Kids and teens page.
Nods to religion in Bob Dylan's song lyrics.
One of the more surprising moments in recent music history comes midway through the celebrated 1998 indie rock album, "In the Aeroplane Over the Sea," by the band Neutral Milk Hotel. Hiding in an otherwise understated tune are some startling lyrics:
I know they buried her body with others.
Her sister and mother and five hundred families.
And will she remember me fifty years later?
I wish I could save her with some sort of time machine....
It is, as many a hipster could tell you, an album about Anne Frank. Its singer and lyricist was a shaggy-headed 27-year-old named Jeff Magnum. As far removed as his native Louisiana was from Amsterdam, his songs give the unmistakable impression that he is a man in love with a 15-year-old girl who had been murdered more than five decades earlier.
With angry lyrics that court controversy, two multiplatinum albums and a third on the way, his own clothing line, record label, legions of fans and glittering religious jewelry, Subliminal could easily be mistaken for a Jewish P.Diddy.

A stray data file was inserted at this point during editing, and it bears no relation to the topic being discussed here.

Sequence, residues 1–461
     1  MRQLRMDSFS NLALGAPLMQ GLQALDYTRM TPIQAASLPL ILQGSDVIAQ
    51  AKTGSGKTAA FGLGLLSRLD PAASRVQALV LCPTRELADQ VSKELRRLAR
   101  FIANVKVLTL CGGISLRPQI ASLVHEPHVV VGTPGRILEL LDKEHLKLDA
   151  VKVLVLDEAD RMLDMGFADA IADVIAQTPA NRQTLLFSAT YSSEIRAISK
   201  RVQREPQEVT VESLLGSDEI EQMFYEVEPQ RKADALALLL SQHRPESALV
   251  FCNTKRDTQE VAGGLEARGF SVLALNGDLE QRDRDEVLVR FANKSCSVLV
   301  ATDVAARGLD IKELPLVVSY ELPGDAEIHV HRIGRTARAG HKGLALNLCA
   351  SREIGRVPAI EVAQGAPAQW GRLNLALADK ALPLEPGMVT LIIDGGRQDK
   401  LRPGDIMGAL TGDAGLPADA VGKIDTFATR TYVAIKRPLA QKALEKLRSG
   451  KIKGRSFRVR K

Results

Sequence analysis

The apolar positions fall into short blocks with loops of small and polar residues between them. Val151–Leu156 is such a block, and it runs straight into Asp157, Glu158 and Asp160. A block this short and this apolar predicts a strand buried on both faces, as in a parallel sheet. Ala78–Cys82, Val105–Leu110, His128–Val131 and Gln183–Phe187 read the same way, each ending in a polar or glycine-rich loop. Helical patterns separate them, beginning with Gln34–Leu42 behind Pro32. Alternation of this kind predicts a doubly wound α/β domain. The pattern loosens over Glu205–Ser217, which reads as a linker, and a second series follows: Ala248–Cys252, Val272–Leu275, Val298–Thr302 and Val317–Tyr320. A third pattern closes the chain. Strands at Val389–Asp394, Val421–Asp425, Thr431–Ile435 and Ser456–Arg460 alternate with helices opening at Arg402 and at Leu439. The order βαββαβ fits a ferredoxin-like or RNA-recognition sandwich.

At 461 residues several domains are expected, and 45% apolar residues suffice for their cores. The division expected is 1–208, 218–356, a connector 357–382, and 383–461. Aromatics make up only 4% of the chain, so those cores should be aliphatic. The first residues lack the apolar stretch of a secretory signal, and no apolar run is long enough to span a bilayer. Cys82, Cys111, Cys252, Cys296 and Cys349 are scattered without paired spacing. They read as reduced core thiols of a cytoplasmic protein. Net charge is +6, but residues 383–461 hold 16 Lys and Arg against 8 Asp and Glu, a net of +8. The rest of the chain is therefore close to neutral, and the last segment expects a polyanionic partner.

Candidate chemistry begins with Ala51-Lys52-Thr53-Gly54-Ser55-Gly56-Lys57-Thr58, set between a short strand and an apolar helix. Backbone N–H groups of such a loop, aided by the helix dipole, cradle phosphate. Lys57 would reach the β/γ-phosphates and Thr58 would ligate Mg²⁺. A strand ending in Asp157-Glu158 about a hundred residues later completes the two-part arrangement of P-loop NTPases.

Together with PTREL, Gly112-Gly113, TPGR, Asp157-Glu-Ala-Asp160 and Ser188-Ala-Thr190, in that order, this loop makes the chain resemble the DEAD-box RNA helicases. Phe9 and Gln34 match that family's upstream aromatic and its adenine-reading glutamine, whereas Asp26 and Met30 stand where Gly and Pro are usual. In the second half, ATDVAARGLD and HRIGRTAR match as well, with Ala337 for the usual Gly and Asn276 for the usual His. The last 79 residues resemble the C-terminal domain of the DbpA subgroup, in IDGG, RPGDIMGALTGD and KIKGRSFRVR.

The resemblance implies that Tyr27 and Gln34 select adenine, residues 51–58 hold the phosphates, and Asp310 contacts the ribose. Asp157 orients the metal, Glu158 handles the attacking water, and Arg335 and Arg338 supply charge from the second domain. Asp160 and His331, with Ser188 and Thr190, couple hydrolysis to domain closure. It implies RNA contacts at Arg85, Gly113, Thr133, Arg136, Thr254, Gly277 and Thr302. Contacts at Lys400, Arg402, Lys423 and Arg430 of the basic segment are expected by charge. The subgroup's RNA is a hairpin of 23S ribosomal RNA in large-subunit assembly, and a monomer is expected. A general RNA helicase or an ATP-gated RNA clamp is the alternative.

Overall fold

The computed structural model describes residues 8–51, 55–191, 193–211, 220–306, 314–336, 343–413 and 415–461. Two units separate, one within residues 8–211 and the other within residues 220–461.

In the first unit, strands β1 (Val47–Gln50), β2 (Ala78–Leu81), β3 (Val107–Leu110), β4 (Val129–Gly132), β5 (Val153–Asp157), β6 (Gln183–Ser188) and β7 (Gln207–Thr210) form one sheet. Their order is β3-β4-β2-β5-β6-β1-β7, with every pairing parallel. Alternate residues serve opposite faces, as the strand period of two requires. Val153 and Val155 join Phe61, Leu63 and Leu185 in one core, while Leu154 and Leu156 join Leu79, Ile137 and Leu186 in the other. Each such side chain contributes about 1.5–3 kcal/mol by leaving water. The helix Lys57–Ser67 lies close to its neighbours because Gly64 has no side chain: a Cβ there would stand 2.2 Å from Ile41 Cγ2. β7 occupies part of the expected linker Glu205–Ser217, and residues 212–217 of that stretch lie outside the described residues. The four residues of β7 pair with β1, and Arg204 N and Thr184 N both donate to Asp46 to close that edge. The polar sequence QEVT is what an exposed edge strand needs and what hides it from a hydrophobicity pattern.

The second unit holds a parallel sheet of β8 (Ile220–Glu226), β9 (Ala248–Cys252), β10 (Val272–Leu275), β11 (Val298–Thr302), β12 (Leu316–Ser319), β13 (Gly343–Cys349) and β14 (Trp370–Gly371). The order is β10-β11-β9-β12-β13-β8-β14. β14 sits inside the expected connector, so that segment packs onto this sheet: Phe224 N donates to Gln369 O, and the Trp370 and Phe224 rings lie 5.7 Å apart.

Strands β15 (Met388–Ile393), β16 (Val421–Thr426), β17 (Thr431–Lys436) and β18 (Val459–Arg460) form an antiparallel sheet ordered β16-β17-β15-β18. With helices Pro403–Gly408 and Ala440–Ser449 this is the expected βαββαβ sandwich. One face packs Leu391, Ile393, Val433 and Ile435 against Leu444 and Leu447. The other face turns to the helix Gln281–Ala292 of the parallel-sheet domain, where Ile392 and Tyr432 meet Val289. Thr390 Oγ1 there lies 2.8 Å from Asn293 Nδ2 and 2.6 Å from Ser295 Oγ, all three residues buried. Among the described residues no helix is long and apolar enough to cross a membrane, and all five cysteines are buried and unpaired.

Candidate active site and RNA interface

Take one part Aimee Mann, one part Pete Yorn, stir in some Tori Amos and add a dash of Yiddishkayt and you've got two of the newest sounds in rock.
Move over Baby Mozart and Baby Bach. If you really want your children to learn the classics -- and know the composer's name to boot -- check out "Beethoven's Wig, Sing Along Symphonies."
Singer-songwriter Diex sees himself as an ambassador, a bridge between the unlikely worlds of the prayer filled synagogues and the groove-shaking beats of J Lo, Enrique Iglesias and Ricky Martin.
The Anti-Defamation League (ADL) issued a list of bands that promote racist, bigoted or hateful ideas. The list Bigots Who Rock: An ADL List of Hate Music Groups identifies 541 bands, primarily based in the United States and Europe, that use hate-filled lyrics or have active links to organized hate groups.